Author Archives: Mark Snoeberger

Whatever Happened to Literal Hermeneutics? (Part 4a)

We come now to the heart of this series, viz., a discovery of the “received laws of language” that we as humans unconsciously use every day as we engage in ordinary communication with one another. The material here is not … Continue reading

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Whatever Happened to Literal Hermeneutics? (Part 3)

This blog post is fairly ambitious, seeking to answer two questions: How can we prove the existence of universally “received laws of language”? And, assuming they exist, Who gets to decide what those laws are in the absence of an … Continue reading

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Whatever Happened to Literal Hermeneutics? (Part 2)

When evaluating the truth or error of any proposed theological statement or system, there are two primary questions that the theologian asks: the question of correspondence and the question of coherence. In using these two terms, I am using two … Continue reading

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Whatever Happened to Literal Hermeneutics? (Part 1)

For decades it was assumed, by both sides of the debate between dispensational and Reformed theology, that the primary distinction between the two models (there were really no other viable evangelical options in the early days) was hermeneutical—dispensationalists held consistently … Continue reading

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A Coalition for the Advancement of Realized Eschatology?

This week the Gospel Coalition’s annual meeting features a panel discussion with panelists who reject the Gospel. On the face of things this seems to be out of step with TGC’s founding principles, which exalt commitment to the Gospel as … Continue reading

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What Shall We Do with Moses?

A couple of weeks back Bob Jones University made the news by apologizing for statements made a generation ago suggesting that homosexuals should be subjected, like they were during the Mosaic economy, to capital punishment. This mea culpa was a … Continue reading

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On “Preferences” and Church Membership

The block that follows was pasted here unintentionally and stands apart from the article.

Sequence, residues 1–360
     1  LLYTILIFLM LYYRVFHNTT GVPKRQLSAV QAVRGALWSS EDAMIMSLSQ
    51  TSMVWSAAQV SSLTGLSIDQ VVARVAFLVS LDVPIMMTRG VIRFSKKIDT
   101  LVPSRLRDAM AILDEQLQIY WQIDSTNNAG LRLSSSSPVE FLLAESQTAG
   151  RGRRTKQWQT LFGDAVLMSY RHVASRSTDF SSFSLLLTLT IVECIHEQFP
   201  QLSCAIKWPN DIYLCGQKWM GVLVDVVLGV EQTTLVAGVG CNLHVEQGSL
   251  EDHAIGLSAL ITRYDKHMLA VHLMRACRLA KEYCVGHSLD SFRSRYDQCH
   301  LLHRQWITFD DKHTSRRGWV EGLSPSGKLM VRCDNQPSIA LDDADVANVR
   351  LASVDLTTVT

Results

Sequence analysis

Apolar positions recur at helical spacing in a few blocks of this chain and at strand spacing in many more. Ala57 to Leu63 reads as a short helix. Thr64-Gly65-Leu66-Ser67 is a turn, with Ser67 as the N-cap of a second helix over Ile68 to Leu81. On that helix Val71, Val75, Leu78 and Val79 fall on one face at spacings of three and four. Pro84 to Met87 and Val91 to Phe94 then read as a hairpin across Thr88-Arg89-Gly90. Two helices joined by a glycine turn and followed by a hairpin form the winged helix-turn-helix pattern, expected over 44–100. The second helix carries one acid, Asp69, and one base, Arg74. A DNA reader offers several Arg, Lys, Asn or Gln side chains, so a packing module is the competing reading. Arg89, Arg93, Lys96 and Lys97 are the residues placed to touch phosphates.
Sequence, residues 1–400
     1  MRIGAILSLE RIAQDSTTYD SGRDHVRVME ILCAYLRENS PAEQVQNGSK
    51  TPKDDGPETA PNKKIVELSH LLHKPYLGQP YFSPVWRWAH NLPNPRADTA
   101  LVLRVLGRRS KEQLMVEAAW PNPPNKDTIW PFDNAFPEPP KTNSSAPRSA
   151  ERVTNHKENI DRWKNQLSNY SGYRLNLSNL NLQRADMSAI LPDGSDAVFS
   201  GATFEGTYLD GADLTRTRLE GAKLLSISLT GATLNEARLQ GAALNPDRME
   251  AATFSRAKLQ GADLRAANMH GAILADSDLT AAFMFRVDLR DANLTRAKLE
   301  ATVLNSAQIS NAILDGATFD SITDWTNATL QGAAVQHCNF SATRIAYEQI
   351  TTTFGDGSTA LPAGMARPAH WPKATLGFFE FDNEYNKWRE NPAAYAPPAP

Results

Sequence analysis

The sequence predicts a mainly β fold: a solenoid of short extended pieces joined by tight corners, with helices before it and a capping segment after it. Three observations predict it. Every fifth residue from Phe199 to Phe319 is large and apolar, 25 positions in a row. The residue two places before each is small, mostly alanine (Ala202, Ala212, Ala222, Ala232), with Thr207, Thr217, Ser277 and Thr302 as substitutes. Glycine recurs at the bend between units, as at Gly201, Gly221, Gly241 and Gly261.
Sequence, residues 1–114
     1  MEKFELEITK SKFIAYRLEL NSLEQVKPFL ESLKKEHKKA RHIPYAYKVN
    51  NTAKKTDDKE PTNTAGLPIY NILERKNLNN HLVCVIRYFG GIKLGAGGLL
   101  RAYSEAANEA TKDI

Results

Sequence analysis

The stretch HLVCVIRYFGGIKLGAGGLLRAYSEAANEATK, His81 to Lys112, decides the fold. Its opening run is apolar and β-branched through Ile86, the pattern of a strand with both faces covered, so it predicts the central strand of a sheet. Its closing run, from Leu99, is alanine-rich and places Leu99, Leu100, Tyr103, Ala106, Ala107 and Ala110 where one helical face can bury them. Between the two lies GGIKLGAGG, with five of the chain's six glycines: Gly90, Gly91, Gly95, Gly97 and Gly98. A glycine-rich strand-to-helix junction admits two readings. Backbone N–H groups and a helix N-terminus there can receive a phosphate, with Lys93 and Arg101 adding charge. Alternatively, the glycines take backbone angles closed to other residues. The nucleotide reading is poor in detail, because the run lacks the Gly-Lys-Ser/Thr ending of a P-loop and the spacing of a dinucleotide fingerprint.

Another week of blogs, another contribution to the relentless stream of warnings to all Christians everywhere never to let music preference be a factor in deciding where to go to church, and above all never, ever to leave a church … Continue reading

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“Wise and Persuasive Words” for the 21st Century

I confess I don’t keep up very well with the evangelical left and its culture-lapping delight in all things morally degenerate. So I’m rather late getting into the discussion of Perry Noble and his ignoble attempt to catch Mark Driscoll’s mantle … Continue reading

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Bearing Witness for Christ in the Workplace, Part 2

In our last post we appealed to John 17 to show that a properly ordered witness for Christ must avoid the two poles of (1) being both in the world and of the world, hoping the gospel will advance wordlessly … Continue reading

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Bearing Witness for Christ in the Workplace, Part 1

I work in an almost exclusively Christian environment. With the exception of a few brief encounters with folks delivering packages, reading the gas meter, and such, my whole workday is spent with believers. I’m not the best person, I admit, … Continue reading

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On Divine Sovereignty and Human Freedom: Defining the Historical Positions

A few months ago Bill Combs and I released a pair of blog posts that raised ire among some of our readers relative to the debate concerning divine sovereignty and human freedom. One of the barriers to fruitful dialogue that … Continue reading

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Biblical Reasons to Believe that the Creation Days Were 24-Hour Periods

When Justin Taylor released a blog entry last Wednesday defending a non-literal use of days in Genesis 1, and thus suggesting at least the possibility that the universe is quite ancient, both Ben Edwards and I sat down, without consulting, … Continue reading

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